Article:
Gore Vidal (1925-2012) was one of America’s most distinct voices for more than half a century. The author of more than 20 novels, hundreds of essays, and several plays for screen and stage, Vidal was perhaps best known for the eloquent and witheringly sarcastic political commentary that made him a darling of the American left. With dependably erudite attacks on right-wing figures, this quixotic scion of a privileged political family, friend of the Kennedys and playwright Tennessee Williams, staked out a unique position in American political and intellectual life.
This recording from the 2009 Key West Literary Seminar consists of an hour-long conversation between Vidal and Jay Parini, a poet, biographer, and critic, as well as Vidal’s literary executor. Vidal discusses the influences on his work as a historical novelist, his views on the American educational system, and his admiration for figures including Benjamin Franklin, Abraham Lincoln, and Franklin Delano Roosevelt. George W. Bush, then serving his final week in office, is the target of particular scorn, as Vidal levels a litany of complaints accusing his administration of “shredding” the Bill of Rights and striving “to make lying the national pastime.” In a question-and-answer session, Vidal discusses efforts to bring Tennessee Williams’s final play to the public, as well as his feelings on disgraced financier Bernard Madoff and former vice-presidential candidate Sarah Palin.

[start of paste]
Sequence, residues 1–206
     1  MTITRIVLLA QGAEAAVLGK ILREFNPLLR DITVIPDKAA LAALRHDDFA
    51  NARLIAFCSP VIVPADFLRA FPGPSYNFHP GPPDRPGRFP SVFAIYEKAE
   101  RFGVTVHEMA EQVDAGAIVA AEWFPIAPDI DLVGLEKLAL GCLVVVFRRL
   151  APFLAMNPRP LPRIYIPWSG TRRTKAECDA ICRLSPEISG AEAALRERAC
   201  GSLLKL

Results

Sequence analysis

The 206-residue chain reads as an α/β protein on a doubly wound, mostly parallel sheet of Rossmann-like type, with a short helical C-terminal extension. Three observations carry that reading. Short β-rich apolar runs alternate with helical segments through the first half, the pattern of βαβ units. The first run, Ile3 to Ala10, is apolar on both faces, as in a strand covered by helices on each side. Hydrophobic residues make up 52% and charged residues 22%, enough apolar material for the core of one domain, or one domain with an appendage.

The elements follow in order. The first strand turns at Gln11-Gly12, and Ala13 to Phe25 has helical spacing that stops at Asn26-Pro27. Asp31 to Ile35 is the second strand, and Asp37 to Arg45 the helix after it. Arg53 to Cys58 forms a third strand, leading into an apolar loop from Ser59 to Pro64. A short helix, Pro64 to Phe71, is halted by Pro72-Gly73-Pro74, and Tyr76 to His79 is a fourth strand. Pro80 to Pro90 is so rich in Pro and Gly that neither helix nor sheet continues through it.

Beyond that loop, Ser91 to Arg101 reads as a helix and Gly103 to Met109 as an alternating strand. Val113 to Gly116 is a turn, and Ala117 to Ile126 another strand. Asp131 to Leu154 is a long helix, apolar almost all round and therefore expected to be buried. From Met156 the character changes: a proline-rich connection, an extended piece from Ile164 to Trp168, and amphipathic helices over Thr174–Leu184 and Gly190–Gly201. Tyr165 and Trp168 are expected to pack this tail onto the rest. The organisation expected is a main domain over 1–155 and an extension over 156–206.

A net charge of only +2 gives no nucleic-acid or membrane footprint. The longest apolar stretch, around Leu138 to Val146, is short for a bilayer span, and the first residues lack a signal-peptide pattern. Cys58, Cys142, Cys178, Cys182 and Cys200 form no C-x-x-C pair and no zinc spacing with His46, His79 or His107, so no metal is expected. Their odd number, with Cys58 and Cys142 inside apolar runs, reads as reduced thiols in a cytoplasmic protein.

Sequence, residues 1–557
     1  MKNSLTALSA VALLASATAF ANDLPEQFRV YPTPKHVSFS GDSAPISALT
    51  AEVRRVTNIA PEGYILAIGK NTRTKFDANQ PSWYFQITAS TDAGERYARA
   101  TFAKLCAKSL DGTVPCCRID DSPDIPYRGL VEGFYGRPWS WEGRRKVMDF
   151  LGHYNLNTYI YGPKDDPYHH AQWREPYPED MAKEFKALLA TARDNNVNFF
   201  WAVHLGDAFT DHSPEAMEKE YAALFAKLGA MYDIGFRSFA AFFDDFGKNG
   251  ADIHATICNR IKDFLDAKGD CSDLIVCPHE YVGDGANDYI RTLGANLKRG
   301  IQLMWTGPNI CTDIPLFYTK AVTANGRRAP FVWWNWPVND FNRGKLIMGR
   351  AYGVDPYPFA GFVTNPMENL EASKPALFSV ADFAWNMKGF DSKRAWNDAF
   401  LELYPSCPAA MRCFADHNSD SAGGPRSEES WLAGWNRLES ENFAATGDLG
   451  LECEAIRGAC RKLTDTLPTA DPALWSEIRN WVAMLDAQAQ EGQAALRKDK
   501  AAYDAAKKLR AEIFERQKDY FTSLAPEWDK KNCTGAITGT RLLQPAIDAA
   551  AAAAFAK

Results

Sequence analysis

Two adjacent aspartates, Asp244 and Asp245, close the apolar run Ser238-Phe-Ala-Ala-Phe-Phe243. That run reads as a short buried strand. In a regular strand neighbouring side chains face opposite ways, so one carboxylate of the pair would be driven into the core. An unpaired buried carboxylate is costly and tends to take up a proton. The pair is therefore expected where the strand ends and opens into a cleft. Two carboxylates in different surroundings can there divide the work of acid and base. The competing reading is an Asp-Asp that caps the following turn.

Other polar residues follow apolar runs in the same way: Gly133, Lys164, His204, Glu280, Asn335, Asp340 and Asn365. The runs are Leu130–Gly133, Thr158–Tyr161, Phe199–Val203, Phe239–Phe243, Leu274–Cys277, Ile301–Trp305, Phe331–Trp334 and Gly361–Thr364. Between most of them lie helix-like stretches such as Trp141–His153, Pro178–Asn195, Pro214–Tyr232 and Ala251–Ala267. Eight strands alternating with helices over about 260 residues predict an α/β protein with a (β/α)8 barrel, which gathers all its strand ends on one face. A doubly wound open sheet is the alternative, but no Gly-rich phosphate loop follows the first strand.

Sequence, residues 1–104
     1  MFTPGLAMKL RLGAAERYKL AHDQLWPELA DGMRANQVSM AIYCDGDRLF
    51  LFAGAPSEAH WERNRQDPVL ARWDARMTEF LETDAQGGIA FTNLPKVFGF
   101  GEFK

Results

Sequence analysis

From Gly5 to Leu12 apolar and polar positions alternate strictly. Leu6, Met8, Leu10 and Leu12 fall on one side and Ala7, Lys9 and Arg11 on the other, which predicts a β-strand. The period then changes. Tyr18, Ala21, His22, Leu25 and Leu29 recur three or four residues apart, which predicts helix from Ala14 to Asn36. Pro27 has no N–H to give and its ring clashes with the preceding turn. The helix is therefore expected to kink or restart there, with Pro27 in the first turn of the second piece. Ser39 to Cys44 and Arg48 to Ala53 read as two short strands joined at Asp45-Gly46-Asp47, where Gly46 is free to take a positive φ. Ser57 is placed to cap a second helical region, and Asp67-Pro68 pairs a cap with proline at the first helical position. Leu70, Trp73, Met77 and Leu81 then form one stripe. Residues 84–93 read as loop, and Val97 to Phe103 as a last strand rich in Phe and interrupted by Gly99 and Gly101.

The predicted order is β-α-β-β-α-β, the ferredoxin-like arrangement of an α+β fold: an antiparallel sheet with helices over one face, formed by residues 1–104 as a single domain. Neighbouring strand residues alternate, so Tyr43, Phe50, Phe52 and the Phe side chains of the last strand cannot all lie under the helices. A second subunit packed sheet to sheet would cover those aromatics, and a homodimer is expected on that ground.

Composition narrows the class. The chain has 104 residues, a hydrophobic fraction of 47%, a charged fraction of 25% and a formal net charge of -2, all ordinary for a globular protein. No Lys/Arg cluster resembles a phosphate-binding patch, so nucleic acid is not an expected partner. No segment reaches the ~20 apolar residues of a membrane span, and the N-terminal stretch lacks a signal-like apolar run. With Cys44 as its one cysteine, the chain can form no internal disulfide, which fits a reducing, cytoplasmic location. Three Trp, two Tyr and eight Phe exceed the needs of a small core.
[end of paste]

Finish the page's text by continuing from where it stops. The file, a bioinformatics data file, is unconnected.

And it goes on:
From KWLS 2009: Historical Fiction and the Search for Truth